123

Title: PCP: Facts About Phencyclidine
Author: Lisa Turney
Publisher: Do It Now Foundation
Publication Date: October 2002
Catalog Number: 123


..Dirty Dealing

It’s hard to
keep a bad drug down.

Because no sooner
has word gotten out about the last dangerous, crazy, or rip-off
drug than someone’s scraped the crud off the bottoms of their
shoes, wrapped it in plastic and foil, and pawned it off as the
latest thing in chemical high cuisine.

And by the time
people have all gotten the word about green shoe scrapings (or
whatever), a brand-new drug turns up or a forgotten old one returns
and a new Drug Abuse Phenomenon is born.

Take PCP, for
example.

Over the years,
it’s made more names for itself on the street more often than
any other drug.

PCP scams are
legendary, too, including switches for nearly every substance
that’s ever been dropped, shot, or snorted in the name of chemical
consciousness and artificial good times.

Also legendary
is PCP’s reputation as a bummer drug, one that can shake up even
veteran users.

Since PCP is
so high in bummer potential and since it gets shuffled around
under so many names (from “angel dust” to “zoot”),
you might think that dealers think they have something to hide
when it comes to this drug.

And you might
be right.


..Early Years

The name PCP
comes from the drug’s chemical name 1-(1-phencyclohexyl) piperidine.
It was developed in 1926 as a surgical anesthetic and became
widely known as phencyclidine.

Its developers
hoped it would prove safe and effective, but early researchers
decided it wasn’t much of either and it sat on a shelf until
1957.

That’s when pharmaceutical
researchers dusted it off, named it Sernyl®, and began testing
it again.

And PCP did look
promising for a while. In fact, the drug carried only one serious
drawback: After surgery, patients went a little crazy, with jumbled
speech, delirium, and hallucinations.

The drawbacks
proved serious enough that, in 1965, its manufacturer removed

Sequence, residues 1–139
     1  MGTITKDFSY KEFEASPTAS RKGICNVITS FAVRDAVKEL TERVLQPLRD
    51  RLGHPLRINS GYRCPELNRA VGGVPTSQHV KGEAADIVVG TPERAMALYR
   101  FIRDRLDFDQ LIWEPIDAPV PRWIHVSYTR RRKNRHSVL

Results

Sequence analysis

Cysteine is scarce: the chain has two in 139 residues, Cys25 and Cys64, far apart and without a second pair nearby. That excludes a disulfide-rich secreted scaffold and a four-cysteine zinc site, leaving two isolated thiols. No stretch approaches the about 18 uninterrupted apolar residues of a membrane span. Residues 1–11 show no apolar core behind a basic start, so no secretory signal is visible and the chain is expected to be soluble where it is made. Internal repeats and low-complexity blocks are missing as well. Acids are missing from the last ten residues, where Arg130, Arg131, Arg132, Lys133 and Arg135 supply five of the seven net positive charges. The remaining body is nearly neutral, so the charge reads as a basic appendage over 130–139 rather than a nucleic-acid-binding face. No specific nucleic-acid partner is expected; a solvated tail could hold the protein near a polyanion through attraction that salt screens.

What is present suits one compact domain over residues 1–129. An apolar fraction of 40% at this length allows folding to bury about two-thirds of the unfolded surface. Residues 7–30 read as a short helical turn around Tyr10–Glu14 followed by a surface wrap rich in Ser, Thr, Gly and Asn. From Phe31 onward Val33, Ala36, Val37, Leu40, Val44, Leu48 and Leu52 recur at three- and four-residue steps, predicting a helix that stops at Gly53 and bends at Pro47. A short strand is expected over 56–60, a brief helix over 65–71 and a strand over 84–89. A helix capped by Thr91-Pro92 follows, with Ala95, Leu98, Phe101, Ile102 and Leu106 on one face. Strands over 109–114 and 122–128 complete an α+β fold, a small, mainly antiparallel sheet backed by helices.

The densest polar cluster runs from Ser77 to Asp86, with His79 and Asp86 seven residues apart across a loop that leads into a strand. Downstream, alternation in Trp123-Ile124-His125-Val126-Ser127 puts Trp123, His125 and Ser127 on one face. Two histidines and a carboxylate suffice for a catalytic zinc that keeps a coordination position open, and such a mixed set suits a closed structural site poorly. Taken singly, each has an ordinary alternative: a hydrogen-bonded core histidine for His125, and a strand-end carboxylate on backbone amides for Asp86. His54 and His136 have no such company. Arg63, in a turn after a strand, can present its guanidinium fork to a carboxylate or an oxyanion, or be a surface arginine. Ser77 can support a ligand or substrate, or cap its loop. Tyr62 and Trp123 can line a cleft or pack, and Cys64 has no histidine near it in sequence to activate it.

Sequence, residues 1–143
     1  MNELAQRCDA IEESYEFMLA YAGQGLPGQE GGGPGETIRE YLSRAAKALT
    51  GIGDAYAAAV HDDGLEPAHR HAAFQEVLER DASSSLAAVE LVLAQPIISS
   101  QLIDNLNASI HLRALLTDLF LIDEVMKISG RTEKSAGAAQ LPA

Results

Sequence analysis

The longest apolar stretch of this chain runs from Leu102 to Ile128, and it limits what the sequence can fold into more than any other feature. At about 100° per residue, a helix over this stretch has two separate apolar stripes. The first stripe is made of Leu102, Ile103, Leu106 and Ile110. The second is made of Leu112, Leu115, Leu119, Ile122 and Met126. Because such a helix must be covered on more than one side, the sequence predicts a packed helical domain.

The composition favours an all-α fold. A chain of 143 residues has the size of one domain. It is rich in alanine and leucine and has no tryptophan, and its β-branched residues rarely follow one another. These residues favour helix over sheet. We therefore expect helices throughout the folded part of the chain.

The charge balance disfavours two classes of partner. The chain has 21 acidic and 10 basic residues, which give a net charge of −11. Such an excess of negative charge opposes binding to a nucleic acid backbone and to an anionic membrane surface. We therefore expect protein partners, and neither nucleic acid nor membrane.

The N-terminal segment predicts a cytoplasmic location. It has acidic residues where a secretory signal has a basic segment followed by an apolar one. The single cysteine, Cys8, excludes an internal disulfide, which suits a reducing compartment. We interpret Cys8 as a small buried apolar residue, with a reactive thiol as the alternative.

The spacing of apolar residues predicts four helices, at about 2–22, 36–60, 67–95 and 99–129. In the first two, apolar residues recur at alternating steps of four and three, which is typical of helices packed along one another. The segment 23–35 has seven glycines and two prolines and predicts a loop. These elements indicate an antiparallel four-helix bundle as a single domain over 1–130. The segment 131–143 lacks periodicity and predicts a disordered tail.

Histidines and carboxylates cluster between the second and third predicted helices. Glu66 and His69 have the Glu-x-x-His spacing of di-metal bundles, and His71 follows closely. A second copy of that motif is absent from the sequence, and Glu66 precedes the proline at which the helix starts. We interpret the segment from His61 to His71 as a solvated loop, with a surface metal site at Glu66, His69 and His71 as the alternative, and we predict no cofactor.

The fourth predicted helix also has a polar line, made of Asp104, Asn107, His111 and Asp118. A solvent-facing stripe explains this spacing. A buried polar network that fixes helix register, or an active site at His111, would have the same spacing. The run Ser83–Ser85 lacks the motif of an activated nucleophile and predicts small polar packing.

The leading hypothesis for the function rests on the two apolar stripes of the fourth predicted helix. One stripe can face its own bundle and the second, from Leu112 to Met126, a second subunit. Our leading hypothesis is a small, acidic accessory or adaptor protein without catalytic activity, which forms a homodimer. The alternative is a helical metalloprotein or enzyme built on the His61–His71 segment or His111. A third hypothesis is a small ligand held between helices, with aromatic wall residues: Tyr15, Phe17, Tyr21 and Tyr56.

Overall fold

Sernyl from testing.

If you’re wondering
what a drug company does with a discredited drug, sometimes they
do the same thing that dealers do on the street: Rename it, re-package
it, and re-release it. And in the case of Sernyl, the “new”
product was dubbed Sernylan®, and it was quickly marketed
as a veterinary anesthetic.

That same year,
in San Francisco’s Haight-Ashbury district, a new tablet dubbed
the “PeaCe Pill” appeared. Hailed, as most new drugs
are, as the best thing yet, the PeaCe Pill failed spectacularly
at living up to its name.

And in a wave
of bad press — and bad user reactions — PCP disappeared into
the oblivion it so richly deserved.


..The Big Switch

But in the early
1970s, the drug re-emerged, this time as a liquid and a crystalline
powder and in tablet form. But the word was out on PCP and experienced
users stayed away in droves.

Almost unable
to give phencyclidine away under its own name, street dealers
decided that PCP is the stuff dreams — or, at least, big bucks
— are made of. As a result, PCP became the raw material in numerous
street drug swindles.

And it has been
in a lot of them — in batches of marijuana, heroin, and LSD,
and in filler like parsley and talc.

On the street,
it travels under a long list of names — from “hog”
and “squeeze” to “wack” and “space base”
(when mixed with crack). The possibilities are limited only by
a dealer’s imagination — or deviousness.

In other words,
they’re virtually infinite.


..Angel Dust & ‘THC’

Still, the two
most common aliases for PCP over the years have been “angel
dust” and “THC.”

Angel dust, which
originally referred to a combination of heroin and cocaine, was
one of PCP’s earliest assumed identities.

Always on the
lookout for a way to save a buck while making a buck, dealers
simply swapped PCP for one drug, then the other, until the original
blend was forgotten altogether and angel dust itself became just
one more name for PCP.

Similarly, PCP
is sometimes sold as “THC,” the main ingredient in
marijuana. The problem is that PCP’s similarity to pot starts
and stops at very light dosages.


..Inner Workings

Although PCP
can be used in a number of ways, today it’s most often smoked
— either in drug-laced cigarettes or in marijuana or parsley
“joints” containing the drug.

No matter how
it’s used, PCP produces a tangle of powerful drug effects —
acting as an anesthetic, stimulant, depressant, and hallucinogen
at the same time.

Often misclassified
as a hallucinogen, PCP really is in a class of its own. Medically
it’s often described as a deliriant or a dissociative
anesthetic
(which means it causes psychological detachment
and blocks pain).

But whatever
it’s called, the most distinctive feature of PCP is the unpredictability
and sheer weirdness of its effects. And those vary with dosage:

  • Low doses (3-8
    mg) cause mild intoxication. Users show impaired coordination,
    slurred speech, and erratic eye movement.
  • Bigger doses